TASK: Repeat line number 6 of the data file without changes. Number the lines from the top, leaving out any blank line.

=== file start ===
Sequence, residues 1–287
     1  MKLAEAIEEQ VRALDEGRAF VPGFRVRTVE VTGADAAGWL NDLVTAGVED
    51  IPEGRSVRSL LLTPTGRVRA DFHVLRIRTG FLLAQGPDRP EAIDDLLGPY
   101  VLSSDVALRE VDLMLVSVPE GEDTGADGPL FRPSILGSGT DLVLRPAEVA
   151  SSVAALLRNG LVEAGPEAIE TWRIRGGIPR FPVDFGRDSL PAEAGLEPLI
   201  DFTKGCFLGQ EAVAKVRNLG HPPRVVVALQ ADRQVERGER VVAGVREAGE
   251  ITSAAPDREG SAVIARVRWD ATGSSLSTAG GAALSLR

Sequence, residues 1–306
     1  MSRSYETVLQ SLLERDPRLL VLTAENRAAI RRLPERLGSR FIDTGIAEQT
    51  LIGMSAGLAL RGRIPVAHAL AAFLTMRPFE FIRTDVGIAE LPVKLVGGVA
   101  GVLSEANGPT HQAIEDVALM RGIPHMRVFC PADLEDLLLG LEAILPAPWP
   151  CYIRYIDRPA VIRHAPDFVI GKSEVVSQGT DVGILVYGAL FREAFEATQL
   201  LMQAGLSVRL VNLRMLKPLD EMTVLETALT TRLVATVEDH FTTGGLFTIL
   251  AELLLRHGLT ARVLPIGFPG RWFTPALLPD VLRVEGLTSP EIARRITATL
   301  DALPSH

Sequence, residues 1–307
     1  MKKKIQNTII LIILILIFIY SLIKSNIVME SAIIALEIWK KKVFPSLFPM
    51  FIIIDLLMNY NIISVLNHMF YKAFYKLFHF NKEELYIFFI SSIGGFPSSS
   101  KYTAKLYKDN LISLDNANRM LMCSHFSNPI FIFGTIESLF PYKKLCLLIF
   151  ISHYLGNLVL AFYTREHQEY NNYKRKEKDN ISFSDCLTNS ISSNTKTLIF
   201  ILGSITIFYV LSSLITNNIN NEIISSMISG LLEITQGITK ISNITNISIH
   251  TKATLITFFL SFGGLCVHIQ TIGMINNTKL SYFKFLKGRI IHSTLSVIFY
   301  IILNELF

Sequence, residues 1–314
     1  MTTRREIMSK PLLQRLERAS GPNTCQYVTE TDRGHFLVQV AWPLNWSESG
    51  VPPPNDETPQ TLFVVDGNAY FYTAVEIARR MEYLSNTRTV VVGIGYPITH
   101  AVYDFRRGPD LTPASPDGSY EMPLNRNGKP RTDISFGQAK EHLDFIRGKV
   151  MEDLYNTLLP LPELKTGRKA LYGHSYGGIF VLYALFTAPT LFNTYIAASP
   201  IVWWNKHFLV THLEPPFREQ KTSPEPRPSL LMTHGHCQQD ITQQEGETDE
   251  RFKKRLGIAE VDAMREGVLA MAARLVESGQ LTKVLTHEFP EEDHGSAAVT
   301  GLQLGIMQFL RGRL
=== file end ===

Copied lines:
   201  DFTKGCFLGQ EAVAKVRNLG HPPRVVVALQ ADRQVERGER VVAGVREAGE